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A Dialect of Donegal: Being the Speech of Meenawannia in the Parish of ...
E. C. Quiggin
Limited preview - 2012
Page iii - A DIALECT OF DONEGAL : being the Speech of Meenawannia in the Parish of Glenties. Phonology and Texts.
Page 102 - The upper teeth are not used and so there is freedom for the production of broad and slender timbre. In regard to distance from teeth, rounding, or tension, the lips are by anticipation in position for the following vowel before the contact or approach for consonant production is made, and so broad and slender 102 timbre can be at once distinguished.
Page 78 - The point of the tongue is spread out like a fan so that the whole of its rim is brought against the teeth while the back of the tongue is at the same time slightly raised".
Page 1 - The phonetic decay of the speech of the younger people will be constantly exemplified in this sketch, but more appalling is the introduction of English words. Numbers of the people have been in America or Scotland for longer or shorter periods, and when they return the Irish they speak is often little better than a jargon.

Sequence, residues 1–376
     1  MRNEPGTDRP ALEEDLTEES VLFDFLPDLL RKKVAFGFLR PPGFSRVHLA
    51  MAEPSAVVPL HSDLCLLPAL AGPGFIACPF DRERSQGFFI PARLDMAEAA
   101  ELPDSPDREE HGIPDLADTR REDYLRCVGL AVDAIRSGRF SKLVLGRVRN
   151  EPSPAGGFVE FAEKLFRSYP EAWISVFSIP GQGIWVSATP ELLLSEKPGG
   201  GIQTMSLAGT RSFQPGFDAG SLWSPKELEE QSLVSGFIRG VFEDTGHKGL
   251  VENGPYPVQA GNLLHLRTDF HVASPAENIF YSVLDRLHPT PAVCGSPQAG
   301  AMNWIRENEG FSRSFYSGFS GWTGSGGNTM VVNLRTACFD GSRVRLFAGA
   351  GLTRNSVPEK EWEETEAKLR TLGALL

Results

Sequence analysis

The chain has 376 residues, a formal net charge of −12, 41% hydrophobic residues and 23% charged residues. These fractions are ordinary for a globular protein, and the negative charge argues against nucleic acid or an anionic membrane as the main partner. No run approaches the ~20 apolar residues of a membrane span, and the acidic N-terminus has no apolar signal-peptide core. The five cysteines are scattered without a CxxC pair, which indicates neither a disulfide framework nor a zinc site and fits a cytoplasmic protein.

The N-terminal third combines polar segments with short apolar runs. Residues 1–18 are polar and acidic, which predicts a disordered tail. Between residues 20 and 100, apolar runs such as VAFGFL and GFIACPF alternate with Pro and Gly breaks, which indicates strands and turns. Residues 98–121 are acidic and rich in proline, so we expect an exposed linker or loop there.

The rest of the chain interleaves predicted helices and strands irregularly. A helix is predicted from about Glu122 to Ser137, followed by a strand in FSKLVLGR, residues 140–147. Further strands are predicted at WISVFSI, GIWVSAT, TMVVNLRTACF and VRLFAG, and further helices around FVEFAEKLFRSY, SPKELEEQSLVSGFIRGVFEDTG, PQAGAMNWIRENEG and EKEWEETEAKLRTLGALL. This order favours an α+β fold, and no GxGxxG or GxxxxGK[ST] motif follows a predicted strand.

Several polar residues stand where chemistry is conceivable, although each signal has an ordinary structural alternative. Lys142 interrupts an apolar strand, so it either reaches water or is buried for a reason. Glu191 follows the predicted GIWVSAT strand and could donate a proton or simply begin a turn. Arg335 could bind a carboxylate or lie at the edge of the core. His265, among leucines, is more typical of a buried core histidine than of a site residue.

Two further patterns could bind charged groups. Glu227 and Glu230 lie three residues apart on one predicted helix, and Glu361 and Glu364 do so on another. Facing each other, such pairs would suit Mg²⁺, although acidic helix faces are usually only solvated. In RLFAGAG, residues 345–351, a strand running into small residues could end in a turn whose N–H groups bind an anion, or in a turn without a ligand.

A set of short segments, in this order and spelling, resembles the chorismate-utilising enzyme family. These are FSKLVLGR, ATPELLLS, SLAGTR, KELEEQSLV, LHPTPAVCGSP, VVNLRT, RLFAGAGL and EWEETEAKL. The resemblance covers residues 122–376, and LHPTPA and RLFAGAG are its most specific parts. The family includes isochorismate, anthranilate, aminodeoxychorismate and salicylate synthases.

Page 120 - English but the middle part of the tongue is raised towards the hard palate, thus considerably lengthening the narrowing necessary for the production of f.
Page 119 - A large number of speakers tend to widen the nick in the tongue through which the breath passes, thus producing a lisped s.
Page 95 - The ordinary Donegal r is a reduced form of a trilled r. There is usually only one flip of the point of the tongue against the alveoles.
Page 96 - O.Ir. a, o, u, or e, i, has a sound peculiar to itself. The r is not trilled in this case and seems to cause the tongue to be retracted from the ordinary s position. The two sounds coalesce and a kind of modified s is produced.
Page 150 - ... able-bodied men among them, and those few take no part in Whiteboy disturbances. In the summer, however, when the stock of old potatoes is exhausted, and the new year's crop is not yet fit for food, the country is covered with swarms of occasional mendicants, being labourers' wives and families, who go about from one farmer's house to another, frequently to a considerable distance from their homes, in order to collect potatoes. When the immediate pressure is over, they cease to beg, which they...
Page v - ГТШЕ present sketch is the first serious attempt at a -*- scientific description of a northern dialect of Irish. Phonetic decay seems to have set in all over the Gaelicspeaking area ; and consequently it is imperative that during the next ten or fifteen years every effort should be made to obtain scientific records of the speech of persons born before the famine who still have a firm grip of the vernacular. As a general rule the speech of the younger people is of little or no value to those who...